The following is my submission to the competition supervised by the ministry of telecommunications.
The moment you wake up to the world, all information you get is acquired through your senses. You first see your mother through your eyes. You first hear her voice through your ears. You first feel her touch through your skin, smell her hair through you nose and taste the food you are given through your taste buds.
These sensory experiences help shape your brain dramatically – they alter your cognition and your interaction with the world around you in ways that you can’t even quantify.
Now imagine you lost one of the organs responsible for your senses. Imagine you lost one of your eyes due to some freak accident. Imagine you were born with a genetic condition of deficient bone conduction in your ear or very few sensory cells in your nose to smell. Imagine for a second that your interaction with the world today is lacking one major aspect and you’ll see how hard it is. You only need to close one eye while walking with a few friends in order to see how your visual field is reduced.
I have had one uncle who lost his eye as a child to a heater-related accident. My uncle has passed away now, may he rest in peace, but the loss of his eye was a life changing experience that, regardless of the psychological aspect of the matter, affected his life negatively. My best friend suffers from the same thing: he lost his eye because he was a playful little boy with a heightened sense of curiosity. My cousin has deficiency in his hearing and is helped with hearing aids that don’t give him the proper sense of hearing that you and I have but a sense that allows him to make do and lead a normal life – or as normal a life as you could lead.
Lebanon is a country of war. We have all gone through very horrible life circumstances that have left many in Lebanon impaired. Some have had lasting damage to their spinal cord, leaving them crippled. Others have had their limbs completely amputated. The image is one that’s very hard to imagine.
The above premise leads me to the following:
What if I could give my best friend an eye that allows him to see the world the way I see it, that allows him to see people who walk on the side of his non-functional eye? What if I could give my cousin a cochlea that not only gets him to hear but gives him a perfect sense of hearing? What if we can give all the war injured people prosthetic limbs that do not only serve minimal function but can emulate the function of the limb they lost?
Let’s take it a step further: what if we can extend the average life span, better life circumstances and improve the human condition?
As a medical student, I am faced daily with countless diseases, even those with a genetic basis, whose only “purpose” is to lead to this organ failing or that. My job is to cut this path of destruction at a point which leaves the organ in question salvageable enough for me to give the patient a better quality of life. But what if I’m too late? And what if I can’t find a transplant organ in time?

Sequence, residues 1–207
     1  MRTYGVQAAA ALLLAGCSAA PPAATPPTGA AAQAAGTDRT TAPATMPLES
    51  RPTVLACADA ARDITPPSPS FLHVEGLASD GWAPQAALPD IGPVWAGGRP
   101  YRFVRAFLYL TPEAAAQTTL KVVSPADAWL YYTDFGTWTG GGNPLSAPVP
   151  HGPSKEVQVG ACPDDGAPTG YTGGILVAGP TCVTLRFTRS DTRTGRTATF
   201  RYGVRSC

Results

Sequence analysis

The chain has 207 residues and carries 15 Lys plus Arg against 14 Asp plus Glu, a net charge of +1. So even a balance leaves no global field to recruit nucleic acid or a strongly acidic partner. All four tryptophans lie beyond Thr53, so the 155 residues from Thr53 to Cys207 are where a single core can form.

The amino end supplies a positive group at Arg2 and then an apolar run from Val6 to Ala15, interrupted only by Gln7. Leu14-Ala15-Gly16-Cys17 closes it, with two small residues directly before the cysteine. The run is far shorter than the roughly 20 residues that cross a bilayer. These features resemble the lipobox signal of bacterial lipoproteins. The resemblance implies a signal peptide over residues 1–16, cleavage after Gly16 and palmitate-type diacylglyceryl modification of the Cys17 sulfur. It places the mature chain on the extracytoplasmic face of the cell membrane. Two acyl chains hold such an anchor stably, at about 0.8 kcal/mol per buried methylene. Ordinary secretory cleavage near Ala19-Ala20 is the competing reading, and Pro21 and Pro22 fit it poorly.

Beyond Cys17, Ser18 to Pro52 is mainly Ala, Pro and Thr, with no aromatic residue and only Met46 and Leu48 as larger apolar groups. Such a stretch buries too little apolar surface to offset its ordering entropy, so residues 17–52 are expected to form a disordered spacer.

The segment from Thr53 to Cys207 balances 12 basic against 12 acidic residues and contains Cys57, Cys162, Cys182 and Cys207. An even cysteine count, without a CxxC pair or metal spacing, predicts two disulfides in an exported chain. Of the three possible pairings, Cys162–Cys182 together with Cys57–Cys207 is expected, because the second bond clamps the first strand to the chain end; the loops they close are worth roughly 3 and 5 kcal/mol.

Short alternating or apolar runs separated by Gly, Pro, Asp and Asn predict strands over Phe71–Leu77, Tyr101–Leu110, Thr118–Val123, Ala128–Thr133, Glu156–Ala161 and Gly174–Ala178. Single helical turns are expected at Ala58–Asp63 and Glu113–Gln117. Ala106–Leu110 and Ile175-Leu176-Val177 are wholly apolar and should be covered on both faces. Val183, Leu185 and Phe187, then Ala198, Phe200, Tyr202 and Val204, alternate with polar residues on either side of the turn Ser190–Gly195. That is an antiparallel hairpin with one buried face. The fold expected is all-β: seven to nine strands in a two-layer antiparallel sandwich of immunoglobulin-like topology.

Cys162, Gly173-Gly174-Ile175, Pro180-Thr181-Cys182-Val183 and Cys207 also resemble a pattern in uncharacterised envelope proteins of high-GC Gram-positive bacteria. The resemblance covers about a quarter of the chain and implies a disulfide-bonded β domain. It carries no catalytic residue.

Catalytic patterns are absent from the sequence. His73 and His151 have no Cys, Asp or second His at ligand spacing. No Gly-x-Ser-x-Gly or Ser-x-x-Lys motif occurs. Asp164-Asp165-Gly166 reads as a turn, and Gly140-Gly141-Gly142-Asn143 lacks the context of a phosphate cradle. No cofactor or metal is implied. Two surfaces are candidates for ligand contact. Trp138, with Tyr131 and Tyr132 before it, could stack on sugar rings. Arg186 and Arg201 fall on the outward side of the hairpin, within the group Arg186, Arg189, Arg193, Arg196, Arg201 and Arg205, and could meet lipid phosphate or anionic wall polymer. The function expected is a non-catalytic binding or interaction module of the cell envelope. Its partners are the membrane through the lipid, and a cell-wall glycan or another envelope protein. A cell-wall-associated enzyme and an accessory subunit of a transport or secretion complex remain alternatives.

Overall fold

As things stand today, the only hope for my figurative patient is to die.
All of these terminally-ill patients, impaired, blind & amputated people may have hope if we broaden our approach to our own body by employing the technological advances we have reached these days and create organs that combine this nano-technology that’s being pioneered around the world with the medical expertise that is available plenty.
By creating a bionic eye, which combines medicine and technology which is helping shape medicine daily, someone who is blind might regain his sight. By integrating some minimal AI function on a prosthetic limb, an amputee might regain normal function in that limb. By manufacturing a heart, the countless people around the Earth who suffer from cardiac conditions could find a way to become better.
The list goes on. Imagine the possibilities if whichever organ comes to your mind is no longer a piece of fiction but a certainty that requires tinkering an approach and incorporating different disciplines together. The paths of the sciences are not as divided as people make them out to be. They are intertwined in more ways than they differ.
The lifespan of these bionic organs would also be superior to the span of normal organs. Their availability means that any case of dysfunction can be fixed by pinpointing the circuit that’s leading to the shortage.
What could we as Lebanese do? We have the minds and the medical expertise that could help shape this. And we have a lot of Lebanese youth whose pride and joy is technology – not just those who admire their smartphones but those who can actually build a smartphone or repair one in a matter of minutes. What those people need and currently lack is resources.
You might say that such a plan is perhaps too far-fetched or too ambitious given where we are today. And perhaps it is. But going beyond the limitation of this body that we have might prove to be a key-point in bettering our life in so many other ways. These bionic organs can help us understand what we don’t currently understand about current bodily functions, notably neural, which we are currently ignorant about. The purpose of these organs might even surpass their imminent use and lead to a different approach to life in which people begin to tackle the problems that everyone faces in a more meaningful way, be it from pollution, to energy.
My opinion is that this is the next frontier that medicine will be embarking on. If we, as Lebanese of the newer generation, embark on it, we might be able to catch up to the entire world in so many ways. Perhaps it’s worth a shot.
I believe bionic senses and organs is an idea that needs to be put out there – hopefully someone, somewhere finds it not insane enough to act out on it.
Reinvent the world by reinventing its inherent weakness. Fix people so they can fix the world.